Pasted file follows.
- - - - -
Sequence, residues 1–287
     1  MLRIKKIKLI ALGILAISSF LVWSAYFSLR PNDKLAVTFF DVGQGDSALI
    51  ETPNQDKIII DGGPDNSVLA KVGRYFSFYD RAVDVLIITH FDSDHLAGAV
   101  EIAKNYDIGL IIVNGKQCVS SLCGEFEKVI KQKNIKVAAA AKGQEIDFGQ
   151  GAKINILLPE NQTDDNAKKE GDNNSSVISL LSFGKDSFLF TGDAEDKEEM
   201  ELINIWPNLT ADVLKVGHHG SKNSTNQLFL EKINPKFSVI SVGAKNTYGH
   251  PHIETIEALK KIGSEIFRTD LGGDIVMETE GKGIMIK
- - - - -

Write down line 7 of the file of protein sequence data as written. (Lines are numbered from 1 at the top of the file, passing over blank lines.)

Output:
   251  PHIETIEALK KIGSEIFRTD LGGDIVMETE GKGIMIK